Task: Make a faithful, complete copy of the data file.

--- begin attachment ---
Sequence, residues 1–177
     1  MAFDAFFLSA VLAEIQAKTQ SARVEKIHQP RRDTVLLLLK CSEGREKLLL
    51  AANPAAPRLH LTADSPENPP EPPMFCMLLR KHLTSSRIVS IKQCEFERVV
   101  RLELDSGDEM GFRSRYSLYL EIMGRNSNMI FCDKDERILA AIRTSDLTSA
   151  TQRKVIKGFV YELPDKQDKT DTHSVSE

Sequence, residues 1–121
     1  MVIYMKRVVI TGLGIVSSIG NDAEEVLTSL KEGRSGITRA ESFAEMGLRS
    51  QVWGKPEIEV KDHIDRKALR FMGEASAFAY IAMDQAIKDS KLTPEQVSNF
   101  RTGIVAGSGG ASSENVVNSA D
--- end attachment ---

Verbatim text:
Sequence, residues 1–177
     1  MAFDAFFLSA VLAEIQAKTQ SARVEKIHQP RRDTVLLLLK CSEGREKLLL
    51  AANPAAPRLH LTADSPENPP EPPMFCMLLR KHLTSSRIVS IKQCEFERVV
   101  RLELDSGDEM GFRSRYSLYL EIMGRNSNMI FCDKDERILA AIRTSDLTSA
   151  TQRKVIKGFV YELPDKQDKT DTHSVSE

Sequence, residues 1–121
     1  MVIYMKRVVI TGLGIVSSIG NDAEEVLTSL KEGRSGITRA ESFAEMGLRS
    51  QVWGKPEIEV KDHIDRKALR FMGEASAFAY IAMDQAIKDS KLTPEQVSNF
   101  RTGIVAGSGG ASSENVVNSA D